Interscholastic Sports and The Middle School Student: A Case Study
Participating in organized sports activities can result in developmental benefits to the adolescent. Increased fitness, self-esteem, competency, academic success and increased recognition by peers are few of the benefits cited by researchers. Participation can also provide opportunities for developmental liabilities to occur. Researchers have cited liabilities such as stress, anxiety and physiological injury. Developmental benefits and liabilities have been the foci of the controversy that has existed over adolescents participating in interscholastic sports programs in the middle and junior high school.
Although research has studied the impact of interscholastic sports on the high school and collegiate athlete, few studies have investigated the impact of interscholastic sports on the middle school athlete. This qualitative case study of four middle school athletes investigated the benefits and liabilities of participating on an interscholastic team to the adolescent athlete.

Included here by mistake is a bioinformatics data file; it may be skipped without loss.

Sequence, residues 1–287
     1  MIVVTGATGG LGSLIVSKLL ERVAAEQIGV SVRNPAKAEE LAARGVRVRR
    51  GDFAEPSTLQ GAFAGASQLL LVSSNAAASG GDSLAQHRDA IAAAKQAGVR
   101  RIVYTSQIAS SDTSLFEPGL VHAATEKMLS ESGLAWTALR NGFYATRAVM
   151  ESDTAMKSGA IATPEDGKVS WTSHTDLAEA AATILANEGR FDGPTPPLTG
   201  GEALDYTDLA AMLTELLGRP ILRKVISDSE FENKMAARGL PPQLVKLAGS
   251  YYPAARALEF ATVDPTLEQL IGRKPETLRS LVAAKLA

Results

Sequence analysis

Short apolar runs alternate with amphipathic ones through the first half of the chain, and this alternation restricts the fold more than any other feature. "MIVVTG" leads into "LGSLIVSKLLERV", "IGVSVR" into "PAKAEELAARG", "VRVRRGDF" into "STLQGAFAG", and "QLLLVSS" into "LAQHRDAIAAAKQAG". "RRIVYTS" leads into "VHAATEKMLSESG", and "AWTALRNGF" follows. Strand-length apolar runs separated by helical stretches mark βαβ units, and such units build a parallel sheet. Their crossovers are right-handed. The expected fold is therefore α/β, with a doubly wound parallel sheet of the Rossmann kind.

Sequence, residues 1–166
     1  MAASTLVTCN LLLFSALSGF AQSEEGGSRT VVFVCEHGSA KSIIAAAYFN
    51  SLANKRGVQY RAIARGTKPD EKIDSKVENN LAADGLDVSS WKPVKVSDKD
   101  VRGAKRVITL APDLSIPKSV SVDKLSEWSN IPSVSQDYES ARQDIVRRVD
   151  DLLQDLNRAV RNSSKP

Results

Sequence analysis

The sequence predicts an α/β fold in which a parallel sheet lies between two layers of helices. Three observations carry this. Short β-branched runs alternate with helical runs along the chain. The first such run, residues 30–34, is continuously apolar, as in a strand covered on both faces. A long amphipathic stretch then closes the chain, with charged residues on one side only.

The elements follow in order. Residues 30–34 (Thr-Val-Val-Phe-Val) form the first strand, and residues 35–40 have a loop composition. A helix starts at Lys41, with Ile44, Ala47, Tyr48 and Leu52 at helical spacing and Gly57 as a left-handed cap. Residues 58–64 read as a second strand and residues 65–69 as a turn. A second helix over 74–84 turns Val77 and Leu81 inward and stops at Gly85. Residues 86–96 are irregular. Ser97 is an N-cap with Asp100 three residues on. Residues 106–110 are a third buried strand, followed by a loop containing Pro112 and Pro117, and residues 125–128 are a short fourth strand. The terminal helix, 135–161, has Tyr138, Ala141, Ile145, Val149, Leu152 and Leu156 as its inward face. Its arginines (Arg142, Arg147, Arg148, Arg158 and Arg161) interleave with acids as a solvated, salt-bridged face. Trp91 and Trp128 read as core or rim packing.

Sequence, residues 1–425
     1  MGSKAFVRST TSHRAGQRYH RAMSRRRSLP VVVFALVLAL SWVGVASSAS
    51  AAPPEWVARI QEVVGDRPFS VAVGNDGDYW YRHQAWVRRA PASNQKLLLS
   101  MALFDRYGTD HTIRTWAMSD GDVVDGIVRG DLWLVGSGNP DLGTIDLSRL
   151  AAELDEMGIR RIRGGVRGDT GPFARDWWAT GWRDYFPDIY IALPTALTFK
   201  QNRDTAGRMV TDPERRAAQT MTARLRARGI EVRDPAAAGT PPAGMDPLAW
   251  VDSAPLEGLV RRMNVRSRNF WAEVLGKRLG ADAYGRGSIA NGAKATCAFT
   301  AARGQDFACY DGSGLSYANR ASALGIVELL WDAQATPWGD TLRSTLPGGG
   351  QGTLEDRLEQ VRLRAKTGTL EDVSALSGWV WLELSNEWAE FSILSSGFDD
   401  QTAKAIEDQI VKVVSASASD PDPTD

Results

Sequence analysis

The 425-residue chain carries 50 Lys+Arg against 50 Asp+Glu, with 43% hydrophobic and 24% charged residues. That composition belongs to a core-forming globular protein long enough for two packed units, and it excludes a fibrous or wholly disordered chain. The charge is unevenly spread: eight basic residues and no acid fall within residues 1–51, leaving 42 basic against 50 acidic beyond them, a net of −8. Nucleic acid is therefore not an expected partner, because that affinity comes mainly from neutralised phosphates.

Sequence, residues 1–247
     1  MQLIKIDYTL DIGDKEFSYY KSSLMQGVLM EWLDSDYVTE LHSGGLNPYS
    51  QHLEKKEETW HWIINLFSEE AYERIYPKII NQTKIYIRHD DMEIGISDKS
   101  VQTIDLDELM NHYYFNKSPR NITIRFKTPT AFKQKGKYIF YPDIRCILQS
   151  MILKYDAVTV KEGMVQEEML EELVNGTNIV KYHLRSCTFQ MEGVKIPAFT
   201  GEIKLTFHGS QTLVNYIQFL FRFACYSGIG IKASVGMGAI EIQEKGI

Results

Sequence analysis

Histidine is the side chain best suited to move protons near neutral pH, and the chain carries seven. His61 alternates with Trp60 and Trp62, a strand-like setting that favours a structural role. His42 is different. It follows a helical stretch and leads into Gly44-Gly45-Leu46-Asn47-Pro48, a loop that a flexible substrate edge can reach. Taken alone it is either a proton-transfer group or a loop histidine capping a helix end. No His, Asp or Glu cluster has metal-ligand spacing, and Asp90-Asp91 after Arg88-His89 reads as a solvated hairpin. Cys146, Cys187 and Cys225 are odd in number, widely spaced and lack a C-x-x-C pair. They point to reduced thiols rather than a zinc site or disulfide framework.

Based on the literature, four domains were identified as benefits and two domains were identified as liabilities. These six domains were achievement, competency, fitness, self-esteem, sports injuries, stress and anxiety. Interviews were held with students, coaches and parents. These interviews were based on domain specific questions. A journal was kept, and a document review of achievement, attendance and medical records was completed.
The study revealed a pattern of improved grades, increased skill levels in the sport, improved fitness, and increased self-esteem. The students experienced injuries and moments of stress and anxiety.